I heard both semi-finals on medium wave radio. I was in Herefordshire, driving, and the combination of constantly-changing speed limits and nests of safety cameras kept my concentration well away from the games. In these circumstances it’s often the case that part of my mind will still be listening, unbeknownst to me consciously, and that part will alert the rest seconds before – and it always is before – something good happens. Or something marvellous: in 1998, that part yanked me back to the radio to hear Marc Overmaars’ glorious run and goal against Manchester United – the goal that was the real starting point of Arsene Wenger’s exultant, unlucky Arsenal teams. (I’m MUFC. What sort of dullard could fail to enjoy Arsenal, all these years, or feel lucky to have been around at the same time as them, or acknowledge that, really, they have been the best club side in England in important ways since the game began?)
Nothing pulled me back to the radio in either semi-final, but I came away from Italy v Germany having taken a sense from the commentators’ tones of voice that everything had been right with the world for an hour and a half, which BBCi’s generous highlights have now confirmed. It’s that air from the radio I’ll remember, though: somehow radio is more “football” than telly, making it possible to believe that this game, now, is the same as, from the same stock as, the kind of match I’d catch from Radio 2 under the covers late at night in childhood. I’ve seen footage of young John Barnes dribbling through a Brazilian defence – the way he realises that he isn’t making it up a crucial moment before the Brazilians realise that he isn’t making it up, and then the goal – but I heard the real thing live on radio, and let me tell you, the real Barnes goal against Brazil was a far greater thing than the film suggests. Thinking about that now brings the voice of Peter Jones to my ears, but if it wasn’t him that night, it is now as they say.
Italy have been playing a short-passing game to greater and greater effect as the tournament has gone on, and the sheer sense of movement and diagonals they generated against Germany stood out against the brave, limited horizontals and verticals of their opponents. It looked exhausting. The German could play his long pass and move the ball out of his part of the field, then breathe; the Italian had to think about moving into a position to receive a pass immediately, and make it a good position. As such, it wasn’t possession football – this didn’t resemble Brazil’s masterclass in that category against England four years ago. It was more reminiscent of England’s play against a quite different Brazil in 1970.. (I don’t want to take the comparison between Italy and that incomparable side any further).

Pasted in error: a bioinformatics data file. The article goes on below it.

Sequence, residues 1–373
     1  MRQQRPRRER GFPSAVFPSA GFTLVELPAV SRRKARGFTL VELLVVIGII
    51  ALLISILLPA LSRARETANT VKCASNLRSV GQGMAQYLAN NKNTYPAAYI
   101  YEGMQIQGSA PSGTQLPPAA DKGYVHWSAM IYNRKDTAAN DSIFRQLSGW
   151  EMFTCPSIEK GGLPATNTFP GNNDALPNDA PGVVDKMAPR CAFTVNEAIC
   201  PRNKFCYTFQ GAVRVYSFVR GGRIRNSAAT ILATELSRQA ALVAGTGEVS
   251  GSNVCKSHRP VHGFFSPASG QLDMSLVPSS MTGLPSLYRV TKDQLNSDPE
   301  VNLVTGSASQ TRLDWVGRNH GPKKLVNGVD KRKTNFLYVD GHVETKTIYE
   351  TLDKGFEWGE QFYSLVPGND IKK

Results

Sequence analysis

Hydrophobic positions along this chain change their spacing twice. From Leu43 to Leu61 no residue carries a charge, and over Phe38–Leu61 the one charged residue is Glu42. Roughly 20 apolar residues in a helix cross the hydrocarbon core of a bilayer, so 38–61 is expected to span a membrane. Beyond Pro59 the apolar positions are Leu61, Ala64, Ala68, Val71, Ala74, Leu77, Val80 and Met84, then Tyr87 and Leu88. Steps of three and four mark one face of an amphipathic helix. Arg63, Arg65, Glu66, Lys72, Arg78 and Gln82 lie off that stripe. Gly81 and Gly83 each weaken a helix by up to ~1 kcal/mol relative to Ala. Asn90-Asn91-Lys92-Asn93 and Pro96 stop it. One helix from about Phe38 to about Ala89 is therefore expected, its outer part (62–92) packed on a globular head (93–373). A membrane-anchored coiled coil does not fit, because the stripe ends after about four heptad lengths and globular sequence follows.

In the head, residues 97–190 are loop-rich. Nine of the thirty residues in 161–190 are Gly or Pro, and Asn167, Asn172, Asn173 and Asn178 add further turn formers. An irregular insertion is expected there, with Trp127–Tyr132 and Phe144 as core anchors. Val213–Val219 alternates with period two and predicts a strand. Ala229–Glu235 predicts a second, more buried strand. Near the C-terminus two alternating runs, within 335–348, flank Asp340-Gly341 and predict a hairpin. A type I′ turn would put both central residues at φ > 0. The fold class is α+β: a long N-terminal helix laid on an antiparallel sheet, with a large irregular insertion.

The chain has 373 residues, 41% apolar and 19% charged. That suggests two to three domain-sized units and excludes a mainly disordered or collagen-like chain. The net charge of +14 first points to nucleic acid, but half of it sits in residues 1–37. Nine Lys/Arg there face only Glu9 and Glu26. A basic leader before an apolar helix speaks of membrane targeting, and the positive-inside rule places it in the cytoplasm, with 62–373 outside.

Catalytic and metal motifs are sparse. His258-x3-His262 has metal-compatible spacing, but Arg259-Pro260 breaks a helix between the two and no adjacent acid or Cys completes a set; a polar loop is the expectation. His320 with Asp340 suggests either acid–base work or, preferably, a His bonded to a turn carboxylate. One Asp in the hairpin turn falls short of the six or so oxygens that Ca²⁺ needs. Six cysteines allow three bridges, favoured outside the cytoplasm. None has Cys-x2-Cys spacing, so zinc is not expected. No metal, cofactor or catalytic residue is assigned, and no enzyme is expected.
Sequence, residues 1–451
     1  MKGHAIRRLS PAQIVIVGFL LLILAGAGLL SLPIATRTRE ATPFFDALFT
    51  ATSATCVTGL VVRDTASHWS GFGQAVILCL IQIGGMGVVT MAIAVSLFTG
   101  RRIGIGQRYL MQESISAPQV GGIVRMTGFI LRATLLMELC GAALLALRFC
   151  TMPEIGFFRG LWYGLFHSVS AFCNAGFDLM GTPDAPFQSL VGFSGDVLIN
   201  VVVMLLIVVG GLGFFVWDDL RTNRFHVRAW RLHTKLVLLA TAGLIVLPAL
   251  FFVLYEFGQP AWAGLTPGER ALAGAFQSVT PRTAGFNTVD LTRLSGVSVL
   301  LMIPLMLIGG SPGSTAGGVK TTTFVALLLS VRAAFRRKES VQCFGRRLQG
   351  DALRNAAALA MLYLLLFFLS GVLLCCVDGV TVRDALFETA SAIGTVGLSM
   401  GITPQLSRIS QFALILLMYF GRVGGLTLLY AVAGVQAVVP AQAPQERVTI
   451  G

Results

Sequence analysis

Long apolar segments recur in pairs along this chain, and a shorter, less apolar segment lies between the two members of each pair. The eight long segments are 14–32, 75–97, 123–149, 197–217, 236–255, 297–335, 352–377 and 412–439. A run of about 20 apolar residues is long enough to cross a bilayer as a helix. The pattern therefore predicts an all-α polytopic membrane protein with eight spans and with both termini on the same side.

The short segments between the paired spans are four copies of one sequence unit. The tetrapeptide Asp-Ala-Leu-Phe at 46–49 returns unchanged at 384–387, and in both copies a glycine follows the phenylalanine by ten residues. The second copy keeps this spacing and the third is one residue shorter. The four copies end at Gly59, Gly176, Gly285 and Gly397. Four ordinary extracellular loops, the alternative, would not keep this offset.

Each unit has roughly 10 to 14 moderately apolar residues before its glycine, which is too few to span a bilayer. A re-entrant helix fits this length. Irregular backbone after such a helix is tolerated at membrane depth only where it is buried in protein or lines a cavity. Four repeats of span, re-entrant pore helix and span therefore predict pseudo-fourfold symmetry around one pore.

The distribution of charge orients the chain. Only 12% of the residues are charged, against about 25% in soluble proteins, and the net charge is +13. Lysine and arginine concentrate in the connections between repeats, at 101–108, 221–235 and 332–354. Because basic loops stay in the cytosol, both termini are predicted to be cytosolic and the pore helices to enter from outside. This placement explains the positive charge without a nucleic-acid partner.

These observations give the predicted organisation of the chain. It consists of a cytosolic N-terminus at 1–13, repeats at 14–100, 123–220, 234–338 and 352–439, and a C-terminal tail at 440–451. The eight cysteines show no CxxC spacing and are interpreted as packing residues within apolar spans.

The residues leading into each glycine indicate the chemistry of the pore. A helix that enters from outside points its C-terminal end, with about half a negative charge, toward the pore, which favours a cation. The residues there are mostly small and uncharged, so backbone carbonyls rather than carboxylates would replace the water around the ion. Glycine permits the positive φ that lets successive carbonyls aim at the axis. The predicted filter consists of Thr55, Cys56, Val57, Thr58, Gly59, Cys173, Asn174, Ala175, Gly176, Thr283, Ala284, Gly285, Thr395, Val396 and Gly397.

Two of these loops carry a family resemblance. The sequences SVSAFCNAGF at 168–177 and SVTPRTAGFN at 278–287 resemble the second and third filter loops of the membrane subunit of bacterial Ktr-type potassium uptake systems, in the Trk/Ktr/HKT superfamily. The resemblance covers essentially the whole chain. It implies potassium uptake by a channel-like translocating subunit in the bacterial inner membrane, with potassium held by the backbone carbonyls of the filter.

Only Italian tiredness opened the game up to Germany, and although the Italian defense threw their bodies in front of everything, I couldn’t help twitching in frustration as chances went unused.
It’s asking a lot for all this to mean anything. There won’t be a new winner of the World Cup. If France win, there’ll be a very old one! and, unlike 1998, it won’t be a win that ushers in a period of French dominance of global football. Had Portugal made it to the Final, perhaps one could have talked about their golden generation (and, again in the highlights, they were more like footballers against France than in their ugly, lucky scramble past the English).. I’d have left that to others.
World Cup 2006 isn’t going to leave us anywhere.. whatever happens in the Final, it’s been a fine tournament, allowing most of the best sides into the quarter-finals at least, even if the best of them all, Argentina, were sabotaged by a change of attitude and remarkable substitutions. It’s been a team tournament – no single player has come forward to dominate. Zidane has performed decisive cameos, which isn’t quite the same thing; Klose has banged in plenty of goals (and that’s the best way to put it, isn’t it?) and Ribery has been my Premiership player of the competition (I know he hasn’t, doesn’t.. but he would, wouldn’t he?) We’re going to reach the end knowing what we knew at the beginning, as to which the best sides in the world are, but a World Cup is a hard thing to win, and I see Argentinian, Spanish, Brazilian and English heads in my mind nodding, and saying, a World Cup is a hard thing to win.
The last classic tournament was Euro 2000, in which England, inspired by the presence of national hero Kevin Keegan.. that ended with Italy v France and a match memorable for the stink of fear that poured off it. Although we’ve no ten-minute shows of brilliance from Louis Saha to look forward to, my hunch is – actually, I’m feeling very positive about this. Someone slip the players some vodka, turn down the heat so they can run, make the pitch too hard for diving, and have at it. France to win a classic, Henry and Del Piero to sky-write; no cards.